There are those who know what they want to do with their lives from an early age, and then there are those who have to take awhile to find themselves. Rebecca Cassel Roese admits she falls in the latter category, but this 30-something mom of three believes she has found her life’s passion.
Rebecca teaches medical classes at College America in Denver, Colo., and this past July was promoted to Associate Dean of the school’s medical program. The fact that she would end up as an instructor surprises even her.
You see, Rebecca is the first to admit that school was not really her thing. She graduated from Broken Bow High School in 1994, after moving here when she was in the 8th grade. She says she was not terribly interested in school back then, and did just enough to get by and earn her diploma.
Out of high school she did some traveling and working at various jobs, in search of a field that truly interested her. She found it when she began a job working with people with brain and spinal cord injuries.
Rebecca was providing direct care for these injured individuals, but says she loved it so much that she wanted to do more - to make a difference. She thought that by pursuing a career in the administrative side of that care she would be able to accomplish that.
So at the age of 24, Rebecca decided to go back to school. She was living in Fort Collins, Colo., at the time and started college there. She then moved to Scottsdale, Ariz., and studied psychology for a year and a half. She moved to Denver to finish her education, and graduated with her bachelor’s degree in healthcare administration in 2007 from College America.
She began working at the campus in career services shortly after graduating, and then started teaching classes. She continues to teach there, and was promoted in July. Rebecca is currently working on her master’s degree through College America’s sister campus, Stevens Henager, and will graduate in September 2011.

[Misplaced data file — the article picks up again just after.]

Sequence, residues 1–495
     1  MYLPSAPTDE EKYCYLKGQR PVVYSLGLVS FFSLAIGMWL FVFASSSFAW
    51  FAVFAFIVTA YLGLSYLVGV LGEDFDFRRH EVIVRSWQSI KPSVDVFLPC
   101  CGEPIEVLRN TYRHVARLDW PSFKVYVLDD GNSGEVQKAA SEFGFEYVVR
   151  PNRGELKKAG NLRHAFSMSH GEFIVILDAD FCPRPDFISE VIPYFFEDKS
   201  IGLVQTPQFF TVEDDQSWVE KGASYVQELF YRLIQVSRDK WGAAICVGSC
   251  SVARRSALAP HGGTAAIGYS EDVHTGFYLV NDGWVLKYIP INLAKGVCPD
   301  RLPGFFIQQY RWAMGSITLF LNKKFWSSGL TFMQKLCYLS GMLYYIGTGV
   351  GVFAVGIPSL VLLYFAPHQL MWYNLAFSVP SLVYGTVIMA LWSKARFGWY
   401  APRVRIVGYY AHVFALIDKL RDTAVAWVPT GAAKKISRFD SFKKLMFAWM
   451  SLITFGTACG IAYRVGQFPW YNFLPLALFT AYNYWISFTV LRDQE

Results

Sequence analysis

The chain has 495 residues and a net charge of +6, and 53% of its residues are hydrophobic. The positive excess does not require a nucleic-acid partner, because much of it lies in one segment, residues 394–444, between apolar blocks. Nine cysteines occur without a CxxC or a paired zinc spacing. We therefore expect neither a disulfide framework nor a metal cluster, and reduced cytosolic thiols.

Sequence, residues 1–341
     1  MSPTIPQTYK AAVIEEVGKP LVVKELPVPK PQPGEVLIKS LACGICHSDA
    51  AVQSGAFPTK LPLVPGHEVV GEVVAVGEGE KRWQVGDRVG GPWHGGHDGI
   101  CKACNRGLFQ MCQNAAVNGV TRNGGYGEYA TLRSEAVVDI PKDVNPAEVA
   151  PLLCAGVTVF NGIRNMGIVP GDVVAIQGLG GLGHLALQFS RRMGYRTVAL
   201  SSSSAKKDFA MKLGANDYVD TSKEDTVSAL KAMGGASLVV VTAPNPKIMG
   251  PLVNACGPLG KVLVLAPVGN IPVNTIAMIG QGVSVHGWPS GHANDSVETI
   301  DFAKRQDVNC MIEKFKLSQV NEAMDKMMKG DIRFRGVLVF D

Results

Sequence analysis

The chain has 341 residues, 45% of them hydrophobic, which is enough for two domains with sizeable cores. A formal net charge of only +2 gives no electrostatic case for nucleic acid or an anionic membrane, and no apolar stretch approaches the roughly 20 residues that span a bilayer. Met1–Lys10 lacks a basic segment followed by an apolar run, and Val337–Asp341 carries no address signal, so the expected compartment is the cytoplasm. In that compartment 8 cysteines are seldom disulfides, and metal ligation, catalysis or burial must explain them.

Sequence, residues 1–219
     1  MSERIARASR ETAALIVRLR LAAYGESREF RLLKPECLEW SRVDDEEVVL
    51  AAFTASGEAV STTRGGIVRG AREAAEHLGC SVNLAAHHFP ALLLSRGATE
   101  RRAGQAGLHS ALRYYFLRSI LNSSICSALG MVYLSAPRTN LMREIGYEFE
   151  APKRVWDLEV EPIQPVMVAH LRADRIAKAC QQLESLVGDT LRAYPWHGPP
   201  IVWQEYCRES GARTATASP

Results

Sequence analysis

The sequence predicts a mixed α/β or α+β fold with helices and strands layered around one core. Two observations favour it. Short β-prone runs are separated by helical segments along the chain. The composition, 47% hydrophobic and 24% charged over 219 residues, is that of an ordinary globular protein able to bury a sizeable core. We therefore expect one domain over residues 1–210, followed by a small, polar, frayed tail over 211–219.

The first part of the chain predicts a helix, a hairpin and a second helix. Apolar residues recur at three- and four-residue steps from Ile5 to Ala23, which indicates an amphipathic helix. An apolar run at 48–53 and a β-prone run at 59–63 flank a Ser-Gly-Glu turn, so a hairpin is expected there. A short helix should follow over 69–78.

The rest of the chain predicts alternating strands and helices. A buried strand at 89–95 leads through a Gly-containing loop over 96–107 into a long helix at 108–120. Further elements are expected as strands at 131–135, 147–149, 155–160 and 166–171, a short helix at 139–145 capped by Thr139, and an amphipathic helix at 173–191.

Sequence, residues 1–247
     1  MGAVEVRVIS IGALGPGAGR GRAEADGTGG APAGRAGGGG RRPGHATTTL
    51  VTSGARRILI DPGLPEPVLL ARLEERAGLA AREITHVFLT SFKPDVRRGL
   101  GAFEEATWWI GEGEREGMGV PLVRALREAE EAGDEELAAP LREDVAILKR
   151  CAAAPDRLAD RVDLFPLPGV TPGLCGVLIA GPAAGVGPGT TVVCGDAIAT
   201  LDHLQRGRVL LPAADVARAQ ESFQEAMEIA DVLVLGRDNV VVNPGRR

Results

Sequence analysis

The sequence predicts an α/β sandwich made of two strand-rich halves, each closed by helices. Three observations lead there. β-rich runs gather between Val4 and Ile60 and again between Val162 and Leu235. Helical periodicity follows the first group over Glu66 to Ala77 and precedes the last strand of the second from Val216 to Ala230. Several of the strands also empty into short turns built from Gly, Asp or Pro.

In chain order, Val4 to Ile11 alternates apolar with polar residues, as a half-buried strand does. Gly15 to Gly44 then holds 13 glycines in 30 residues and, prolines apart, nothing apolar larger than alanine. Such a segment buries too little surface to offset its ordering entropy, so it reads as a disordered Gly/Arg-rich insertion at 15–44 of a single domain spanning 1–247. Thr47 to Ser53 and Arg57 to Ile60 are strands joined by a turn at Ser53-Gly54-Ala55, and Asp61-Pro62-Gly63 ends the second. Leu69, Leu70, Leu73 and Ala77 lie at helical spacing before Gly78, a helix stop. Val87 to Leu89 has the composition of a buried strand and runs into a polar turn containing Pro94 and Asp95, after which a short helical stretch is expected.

“I have accomplished what I wanted to do, as far as making a difference, just in a much different way that I thought,” says Rebecca.
“I am now training the healthcare workers, so I’m changing the system from the inside out and having a direct effect on it.”
Rebecca says she always thought she would go back to direct care. “I am attached at this point to the students, and really do like it better than direct care,” she explains.
Rebecca says College America is a special school, in that it is specifically designed to give those who might not otherwise get a chance the opportunity to go to college. The school has a large percentage of low-income people and single-parent students, which Rebecca says makes her job more than just a teacher.
“I don’t think I would be able to work at a traditional university. I don’t think I would have the same loyalty to seeing the students succeed,” explains Rebecca. “These students are people who want a degree so they can get a better job and take care of their kids and pay their bills.”
Rebecca got another surprise recently when she was notified that an article she had written on medicare fraud was being published in a medical journal. One of the instructors in her master’s program is managing editor of the “Journal of Healthcare Leadership, Man-agement and Research” and asked to publish the article.
Rebecca says she is living proof that not everyone is college material right out of high school. She advises students who are unsure of what they want to do to take a little time and “work and live for awhile” before going to college.
“I just believe we have too much student loan debt and that not enough college degrees are being utilized,” Rebecca says.
Rebecca now lives and teaches in Denver, is married to husband, Pete, and has four daughters; Madison, 11, Izabelle, 6, Lilly 3, and Avery, 2.
“I’m glad I waited to go to school - to know what I wanted to do and to have the experiences I have had,” says Rebecca. “I believe it made me a better person.”